Here are seven signs of illness shared by most of us with bipolar disorder that you can look for in order to help a loved one.
It’s hard to know when you should step in to get someone with bipolar disorder the help they need. Most people want to respect the rights of others and not interfere or seem nosy and bossy.
I’m here to tell you that as a person with bipolar disorder, I NEED the people around me to see the signs that I’m sick.
1. Current behaviors are not in line with past behaviors. For example: A person who has been empathetic throughout life suddently becomes selfish and callous and says, “I never loved you! You’re finally seeing the real me!”
2. The person stops paying attention to what has always been important. This can include being with their children. People who once cared about helping animals will forget to feed them or might kick them out of the way. A person who loves work will simply stop going and say, “It doesn’t matter if I get fired! I can find a job anywhere!”
3. The person doesn’t listen. This will be in comparison to how the person usually behaves. If you see a distinct change in how much a person talks, how much they argue or how they lose the ability to listen, this is always a worrisome sign.
4. You are the problem. When you try to bring up your worries, the person turns on you and says, “Oh, I’m the one with the problem! I’m the issue here? What about you and all that is wrong in YOUR life?”
5. They leave. This is incredibly distressing and shocking for loved ones. Before I was diagnosed, I used to get manic and get on a plane within a few days and be GONE. Then I would wake up in a new country and wonder, ‘What the heck have I just done? What’s wrong with me?”
6. Anger increases. This starts with irritation over the little things. “Why did you put my bag there!” and can turn into physical violence if the episode goes too far.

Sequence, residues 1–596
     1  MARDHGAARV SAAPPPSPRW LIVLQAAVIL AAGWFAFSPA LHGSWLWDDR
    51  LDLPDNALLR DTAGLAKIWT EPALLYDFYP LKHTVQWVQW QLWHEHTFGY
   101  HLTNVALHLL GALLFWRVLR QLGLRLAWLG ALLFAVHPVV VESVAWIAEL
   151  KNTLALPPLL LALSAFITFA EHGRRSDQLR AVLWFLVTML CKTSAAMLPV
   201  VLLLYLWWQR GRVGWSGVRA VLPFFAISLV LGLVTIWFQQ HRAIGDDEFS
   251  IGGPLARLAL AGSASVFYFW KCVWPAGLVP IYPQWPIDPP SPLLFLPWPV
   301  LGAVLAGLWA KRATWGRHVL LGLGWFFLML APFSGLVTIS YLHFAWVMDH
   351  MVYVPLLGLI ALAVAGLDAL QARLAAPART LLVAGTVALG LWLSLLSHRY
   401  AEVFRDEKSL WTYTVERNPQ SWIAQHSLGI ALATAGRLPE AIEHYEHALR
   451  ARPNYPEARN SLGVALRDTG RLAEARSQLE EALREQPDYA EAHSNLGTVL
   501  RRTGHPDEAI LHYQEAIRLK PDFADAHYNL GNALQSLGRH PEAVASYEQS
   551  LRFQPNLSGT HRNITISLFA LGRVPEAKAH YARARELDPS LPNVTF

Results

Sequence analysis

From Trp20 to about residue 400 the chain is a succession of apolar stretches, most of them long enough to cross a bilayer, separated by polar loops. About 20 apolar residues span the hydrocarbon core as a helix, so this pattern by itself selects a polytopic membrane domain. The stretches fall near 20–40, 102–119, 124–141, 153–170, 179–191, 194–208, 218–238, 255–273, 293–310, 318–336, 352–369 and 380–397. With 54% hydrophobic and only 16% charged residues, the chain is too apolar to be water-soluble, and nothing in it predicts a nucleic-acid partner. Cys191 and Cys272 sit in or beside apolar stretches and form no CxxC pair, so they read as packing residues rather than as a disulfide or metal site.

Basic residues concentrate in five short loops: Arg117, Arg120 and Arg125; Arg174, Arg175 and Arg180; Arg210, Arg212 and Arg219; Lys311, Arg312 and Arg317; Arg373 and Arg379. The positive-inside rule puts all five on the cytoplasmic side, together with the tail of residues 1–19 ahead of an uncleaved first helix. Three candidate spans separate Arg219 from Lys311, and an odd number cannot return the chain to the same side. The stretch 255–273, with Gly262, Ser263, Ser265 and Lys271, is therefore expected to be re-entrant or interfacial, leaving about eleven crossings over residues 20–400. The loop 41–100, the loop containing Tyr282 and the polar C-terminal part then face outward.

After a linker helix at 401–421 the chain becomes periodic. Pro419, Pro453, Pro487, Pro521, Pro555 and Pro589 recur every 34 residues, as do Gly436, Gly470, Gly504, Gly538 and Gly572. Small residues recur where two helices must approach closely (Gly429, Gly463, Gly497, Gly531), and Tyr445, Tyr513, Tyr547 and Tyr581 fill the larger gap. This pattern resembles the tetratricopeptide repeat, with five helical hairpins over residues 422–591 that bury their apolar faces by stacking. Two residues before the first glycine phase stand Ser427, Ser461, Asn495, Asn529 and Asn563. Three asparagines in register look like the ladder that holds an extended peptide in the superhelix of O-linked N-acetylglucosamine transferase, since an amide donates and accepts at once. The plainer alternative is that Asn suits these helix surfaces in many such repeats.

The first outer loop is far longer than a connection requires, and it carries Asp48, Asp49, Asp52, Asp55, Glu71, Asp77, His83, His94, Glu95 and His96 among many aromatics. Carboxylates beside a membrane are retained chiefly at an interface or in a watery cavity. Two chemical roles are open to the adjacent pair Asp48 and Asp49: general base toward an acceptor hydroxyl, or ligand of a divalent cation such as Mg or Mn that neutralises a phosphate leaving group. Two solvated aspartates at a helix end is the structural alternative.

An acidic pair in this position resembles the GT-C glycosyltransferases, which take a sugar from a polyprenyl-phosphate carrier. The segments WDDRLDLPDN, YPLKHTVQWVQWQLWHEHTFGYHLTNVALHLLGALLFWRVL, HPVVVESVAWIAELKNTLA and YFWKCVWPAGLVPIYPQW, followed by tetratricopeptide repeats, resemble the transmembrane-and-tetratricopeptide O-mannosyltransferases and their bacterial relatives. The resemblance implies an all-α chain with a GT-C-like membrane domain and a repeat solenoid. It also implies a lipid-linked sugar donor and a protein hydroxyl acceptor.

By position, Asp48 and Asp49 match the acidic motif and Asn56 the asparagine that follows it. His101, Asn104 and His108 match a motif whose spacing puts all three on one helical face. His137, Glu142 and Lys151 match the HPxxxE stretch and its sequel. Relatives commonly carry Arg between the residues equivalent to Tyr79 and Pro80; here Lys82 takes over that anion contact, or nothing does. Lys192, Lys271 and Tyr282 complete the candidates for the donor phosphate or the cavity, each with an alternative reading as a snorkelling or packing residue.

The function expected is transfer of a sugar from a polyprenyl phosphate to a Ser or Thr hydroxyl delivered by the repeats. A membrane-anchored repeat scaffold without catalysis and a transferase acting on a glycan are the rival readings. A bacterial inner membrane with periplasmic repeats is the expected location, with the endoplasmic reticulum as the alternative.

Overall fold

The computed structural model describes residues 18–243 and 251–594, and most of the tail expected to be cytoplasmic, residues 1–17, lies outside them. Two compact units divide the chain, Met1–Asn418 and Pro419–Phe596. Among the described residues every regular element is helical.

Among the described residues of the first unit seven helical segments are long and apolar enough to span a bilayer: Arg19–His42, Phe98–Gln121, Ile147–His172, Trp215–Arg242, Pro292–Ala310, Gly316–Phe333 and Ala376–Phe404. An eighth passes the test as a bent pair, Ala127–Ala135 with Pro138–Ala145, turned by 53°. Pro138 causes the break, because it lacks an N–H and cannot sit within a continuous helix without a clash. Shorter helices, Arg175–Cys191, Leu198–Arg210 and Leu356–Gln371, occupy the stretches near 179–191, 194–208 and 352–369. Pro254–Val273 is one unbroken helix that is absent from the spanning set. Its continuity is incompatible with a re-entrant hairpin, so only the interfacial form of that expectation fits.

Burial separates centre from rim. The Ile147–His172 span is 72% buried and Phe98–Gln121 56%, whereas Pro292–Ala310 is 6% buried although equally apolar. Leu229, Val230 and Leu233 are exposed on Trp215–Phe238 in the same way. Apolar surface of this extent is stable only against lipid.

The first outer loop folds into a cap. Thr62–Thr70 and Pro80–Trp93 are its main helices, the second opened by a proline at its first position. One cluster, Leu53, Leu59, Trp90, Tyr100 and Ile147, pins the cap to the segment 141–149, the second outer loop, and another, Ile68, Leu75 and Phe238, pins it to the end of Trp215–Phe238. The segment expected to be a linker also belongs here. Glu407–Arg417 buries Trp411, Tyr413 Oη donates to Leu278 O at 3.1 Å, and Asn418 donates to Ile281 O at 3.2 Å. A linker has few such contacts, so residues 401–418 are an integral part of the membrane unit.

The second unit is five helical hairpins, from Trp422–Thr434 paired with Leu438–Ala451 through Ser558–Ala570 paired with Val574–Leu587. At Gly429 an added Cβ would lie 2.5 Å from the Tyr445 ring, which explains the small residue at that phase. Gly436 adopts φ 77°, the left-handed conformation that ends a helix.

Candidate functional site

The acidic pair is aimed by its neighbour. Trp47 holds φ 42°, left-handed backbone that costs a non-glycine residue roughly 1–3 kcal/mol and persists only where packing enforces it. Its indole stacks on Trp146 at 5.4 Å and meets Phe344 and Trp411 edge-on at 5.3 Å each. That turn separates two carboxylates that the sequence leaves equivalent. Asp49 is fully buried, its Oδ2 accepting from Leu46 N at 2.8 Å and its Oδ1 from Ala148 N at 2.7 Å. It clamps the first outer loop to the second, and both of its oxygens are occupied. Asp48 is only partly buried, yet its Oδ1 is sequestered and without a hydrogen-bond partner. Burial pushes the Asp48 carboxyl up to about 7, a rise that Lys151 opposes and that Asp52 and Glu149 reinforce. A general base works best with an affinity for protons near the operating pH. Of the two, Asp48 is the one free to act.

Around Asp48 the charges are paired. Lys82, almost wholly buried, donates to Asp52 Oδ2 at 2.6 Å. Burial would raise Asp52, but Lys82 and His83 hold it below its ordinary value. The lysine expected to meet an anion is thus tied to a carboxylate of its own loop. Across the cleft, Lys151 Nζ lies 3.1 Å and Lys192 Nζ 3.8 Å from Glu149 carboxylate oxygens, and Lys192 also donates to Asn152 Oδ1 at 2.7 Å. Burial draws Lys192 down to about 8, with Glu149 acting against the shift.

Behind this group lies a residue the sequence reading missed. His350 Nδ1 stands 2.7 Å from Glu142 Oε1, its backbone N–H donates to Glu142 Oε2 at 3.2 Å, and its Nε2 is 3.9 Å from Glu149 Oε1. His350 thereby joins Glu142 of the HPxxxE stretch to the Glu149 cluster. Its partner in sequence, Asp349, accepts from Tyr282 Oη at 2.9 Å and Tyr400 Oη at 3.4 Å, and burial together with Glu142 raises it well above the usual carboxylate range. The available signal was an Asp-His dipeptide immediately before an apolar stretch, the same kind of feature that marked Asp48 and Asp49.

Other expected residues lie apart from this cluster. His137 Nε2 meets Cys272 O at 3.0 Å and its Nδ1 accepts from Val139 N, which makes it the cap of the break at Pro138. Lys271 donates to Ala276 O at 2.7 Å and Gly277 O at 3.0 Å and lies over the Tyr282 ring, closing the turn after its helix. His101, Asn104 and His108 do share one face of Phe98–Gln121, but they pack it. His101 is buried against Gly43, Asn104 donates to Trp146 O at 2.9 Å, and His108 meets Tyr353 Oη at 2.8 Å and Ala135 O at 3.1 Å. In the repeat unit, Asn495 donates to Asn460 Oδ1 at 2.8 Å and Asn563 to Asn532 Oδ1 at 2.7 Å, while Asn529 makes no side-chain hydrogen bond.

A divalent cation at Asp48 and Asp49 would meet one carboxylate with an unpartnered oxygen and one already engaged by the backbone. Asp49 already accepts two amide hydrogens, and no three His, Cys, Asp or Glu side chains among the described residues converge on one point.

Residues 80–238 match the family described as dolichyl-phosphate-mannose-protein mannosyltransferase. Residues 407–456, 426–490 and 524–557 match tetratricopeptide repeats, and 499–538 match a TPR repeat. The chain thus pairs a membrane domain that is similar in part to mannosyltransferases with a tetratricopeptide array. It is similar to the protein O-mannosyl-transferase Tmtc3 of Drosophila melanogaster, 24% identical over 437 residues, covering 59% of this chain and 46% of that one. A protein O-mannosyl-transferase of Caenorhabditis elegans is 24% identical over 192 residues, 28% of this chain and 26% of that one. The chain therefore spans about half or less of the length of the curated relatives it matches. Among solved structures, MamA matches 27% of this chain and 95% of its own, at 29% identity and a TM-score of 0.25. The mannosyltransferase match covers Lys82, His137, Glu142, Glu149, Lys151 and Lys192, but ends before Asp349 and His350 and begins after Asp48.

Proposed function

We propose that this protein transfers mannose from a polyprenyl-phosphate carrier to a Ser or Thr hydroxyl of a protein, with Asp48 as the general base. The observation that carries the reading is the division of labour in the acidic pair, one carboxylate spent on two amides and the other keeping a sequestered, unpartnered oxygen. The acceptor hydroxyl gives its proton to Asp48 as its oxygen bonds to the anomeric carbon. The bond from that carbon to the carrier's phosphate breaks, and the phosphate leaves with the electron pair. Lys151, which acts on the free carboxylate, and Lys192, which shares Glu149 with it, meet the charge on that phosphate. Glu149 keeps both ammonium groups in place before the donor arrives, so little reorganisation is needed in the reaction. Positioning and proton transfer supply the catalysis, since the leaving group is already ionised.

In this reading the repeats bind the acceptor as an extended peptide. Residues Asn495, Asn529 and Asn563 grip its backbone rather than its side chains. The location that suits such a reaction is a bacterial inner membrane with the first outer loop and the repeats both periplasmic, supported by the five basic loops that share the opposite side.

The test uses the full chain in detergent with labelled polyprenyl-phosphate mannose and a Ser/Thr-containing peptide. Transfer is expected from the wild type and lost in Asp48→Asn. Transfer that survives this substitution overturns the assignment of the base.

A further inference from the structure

7. Facial and body changes. This includes eyes, how a person walks, wears makeup and uses clothes to express a mood. For example, someone conservative who suddenly gets a mohawk or wears a very short skirt.
If you care about someone with bipolar disorder, create your own symptom lists around mania, depression, anxiety, psychosis, focus problems, irritation, and anger and start observing the patterns in your loved ones. I recently wrote a blog for the Bp Kids section that can help you with this process. My book Take Charge of Bipolar Disorder explains how people can manage bipolar disorder and how a loved one can help. My book Loving Someone with Bipolar Disorder is specifically for partners.
Trust your intuition. When you love someone with bipolar disorder, you matter too! Your feelings and reactions to a person’s behaviors are your own. It’s not trying to change someone if you ask for stability around your own life. It is normal for you to expect a person with bipolar disorder to get help if their behavior affects YOUR life.
Teamwork helps those of us with bipolar disorder manage symptoms. We need loved ones to help us reach our goals and find happiness in life.
Bonus sign #8: We get in bed.
The picture on this blog is from when I crawled into bed the other day during a downswing. I hate doing this- so I took a picture of myself and said, “Get out of bed Julie!” Seeing a loved one stay in bed is always a sign something is not right. My family knows that ‘Julie in bed, binge watching videos’ is not a good sign and they have my permission to help me deal with my depression.
via bpHope – bp Magazine Community
Julie A. Fast